A.H.’s rights to be free from deprivations of her residual liberty and security of the person pursuant to s. 7 of the Charter were violated by F.H.A.
READ the full Reasons for Judgment at https://www.canlii.org/en/bc/bcsc/doc/2019/2019bcsc227/2019bcsc227.html?autocompleteStr=S177220&autocompletePos=1
The long shadow of staff-caused harm to vulnerable people in “care”
As reported in an earlier article, Island Health’s shroud of secrecy and power enabled by Orwellian legislation, British Columbia’s Adult Guardianship Act shields staff and anyone who makes a “report” about another person suggesting that the person needs to be protected by the health authorities. The allegations against Trevor and Eileen Wicks, who made them and what evidence there is to support these allegations are being redacted and concealed. Even the “accused” is not permitted to know these “details.”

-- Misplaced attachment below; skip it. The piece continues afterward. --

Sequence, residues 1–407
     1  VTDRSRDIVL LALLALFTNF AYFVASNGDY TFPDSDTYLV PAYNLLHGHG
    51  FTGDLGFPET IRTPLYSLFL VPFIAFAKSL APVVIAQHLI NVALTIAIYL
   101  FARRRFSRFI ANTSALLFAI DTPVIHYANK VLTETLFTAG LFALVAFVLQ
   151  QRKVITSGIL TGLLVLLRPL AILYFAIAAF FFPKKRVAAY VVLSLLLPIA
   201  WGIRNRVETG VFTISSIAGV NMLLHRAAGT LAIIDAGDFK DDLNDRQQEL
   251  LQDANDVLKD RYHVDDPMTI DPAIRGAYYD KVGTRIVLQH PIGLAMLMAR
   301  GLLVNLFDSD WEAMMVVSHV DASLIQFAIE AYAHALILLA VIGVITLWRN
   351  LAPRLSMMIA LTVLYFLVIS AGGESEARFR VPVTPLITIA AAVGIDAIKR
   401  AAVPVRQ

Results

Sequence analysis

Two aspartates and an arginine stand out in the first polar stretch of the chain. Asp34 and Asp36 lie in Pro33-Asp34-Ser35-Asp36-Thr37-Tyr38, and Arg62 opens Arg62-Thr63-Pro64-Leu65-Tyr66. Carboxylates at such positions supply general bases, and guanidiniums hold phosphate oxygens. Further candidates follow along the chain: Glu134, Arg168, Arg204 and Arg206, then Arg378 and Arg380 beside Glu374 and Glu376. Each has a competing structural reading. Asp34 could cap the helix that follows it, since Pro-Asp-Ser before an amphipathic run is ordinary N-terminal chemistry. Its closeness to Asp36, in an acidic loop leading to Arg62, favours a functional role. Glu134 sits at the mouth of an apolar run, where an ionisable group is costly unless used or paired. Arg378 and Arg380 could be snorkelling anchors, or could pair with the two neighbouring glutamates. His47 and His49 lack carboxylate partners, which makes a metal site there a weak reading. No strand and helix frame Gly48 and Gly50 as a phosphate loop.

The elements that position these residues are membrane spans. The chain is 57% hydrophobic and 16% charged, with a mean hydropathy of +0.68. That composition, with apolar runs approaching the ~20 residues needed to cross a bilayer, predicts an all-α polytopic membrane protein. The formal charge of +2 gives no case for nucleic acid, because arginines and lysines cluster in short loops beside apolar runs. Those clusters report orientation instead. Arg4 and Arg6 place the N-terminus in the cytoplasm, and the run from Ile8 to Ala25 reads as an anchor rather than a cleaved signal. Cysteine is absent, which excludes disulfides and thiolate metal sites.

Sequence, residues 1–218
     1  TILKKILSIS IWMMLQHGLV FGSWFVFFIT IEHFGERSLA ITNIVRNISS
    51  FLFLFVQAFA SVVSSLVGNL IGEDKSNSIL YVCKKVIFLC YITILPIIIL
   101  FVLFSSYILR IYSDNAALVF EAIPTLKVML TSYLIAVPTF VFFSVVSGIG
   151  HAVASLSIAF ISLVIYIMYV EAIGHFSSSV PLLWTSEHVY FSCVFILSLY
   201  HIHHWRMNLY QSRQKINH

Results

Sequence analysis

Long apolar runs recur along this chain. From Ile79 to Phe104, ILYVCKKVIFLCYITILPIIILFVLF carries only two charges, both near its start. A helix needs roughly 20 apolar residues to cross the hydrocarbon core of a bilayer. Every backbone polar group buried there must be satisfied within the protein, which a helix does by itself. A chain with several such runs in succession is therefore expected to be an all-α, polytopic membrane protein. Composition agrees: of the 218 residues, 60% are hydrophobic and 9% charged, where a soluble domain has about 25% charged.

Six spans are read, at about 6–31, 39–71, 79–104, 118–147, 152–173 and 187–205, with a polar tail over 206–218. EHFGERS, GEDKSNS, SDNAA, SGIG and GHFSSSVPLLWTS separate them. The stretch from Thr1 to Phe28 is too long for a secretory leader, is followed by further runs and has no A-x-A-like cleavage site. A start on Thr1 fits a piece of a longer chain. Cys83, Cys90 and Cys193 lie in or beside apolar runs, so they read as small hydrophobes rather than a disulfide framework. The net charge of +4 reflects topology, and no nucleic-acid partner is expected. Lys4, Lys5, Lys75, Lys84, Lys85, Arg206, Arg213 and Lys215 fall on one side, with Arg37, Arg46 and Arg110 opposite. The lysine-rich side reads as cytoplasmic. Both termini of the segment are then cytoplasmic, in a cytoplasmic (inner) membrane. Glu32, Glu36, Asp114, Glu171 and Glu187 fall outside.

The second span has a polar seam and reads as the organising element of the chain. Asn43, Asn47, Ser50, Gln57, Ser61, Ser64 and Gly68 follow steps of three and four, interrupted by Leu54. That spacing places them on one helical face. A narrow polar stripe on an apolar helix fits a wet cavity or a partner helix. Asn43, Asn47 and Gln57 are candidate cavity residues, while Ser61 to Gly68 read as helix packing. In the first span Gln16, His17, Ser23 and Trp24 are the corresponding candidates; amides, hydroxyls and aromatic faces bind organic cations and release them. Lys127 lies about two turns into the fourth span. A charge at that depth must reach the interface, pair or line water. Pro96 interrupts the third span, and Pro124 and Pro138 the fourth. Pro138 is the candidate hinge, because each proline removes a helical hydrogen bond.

A 2005 B.C. Supreme Court ruling in the case of a resident, Stephen Piccolo, in the Overlander, a Kamloops nursing home operated by Interior Health, reveals the extent of the power, secrecy and impunity with which health professionals are allowed to act.
Suspecting abuse, Mr. Piccolo’s daughter Judy Sellin and her son obtained video from a camera they had hidden in his room. The video apparently contained scenes of abusive treatment of her father by several staff. None of us will ever see that video. Why? Because the Court imposed a permanent ban on viewing this video. The reason? According to an article in the Globe and Mail, the Court ruled that the video was “defamatory and violated employees’ privacy.”
In an effort to settle the balance between those rights to privacy and the ability of a family to monitor a member’s care, Ms. Sellin sued Interior Health Authority. “That was my father’s private room,” she said. “It was his home. It’s his privacy that should be protected.” Her father died shortly after the video was taken, and she was informed that the “case died with him; he no longer had any rights.”
The same Overlander nursing home in Kamloops was also in the news in the spring of 2022 for having evicted a woman in her 90s who had lived there for five years. The woman has dementia and requires a wheelchair, and was not provided with any alternative accommodations or solutions.
READ more about the permanently banned video at: https://www.pressreader.com/canada/vancouver-sun/20100108/283115655075697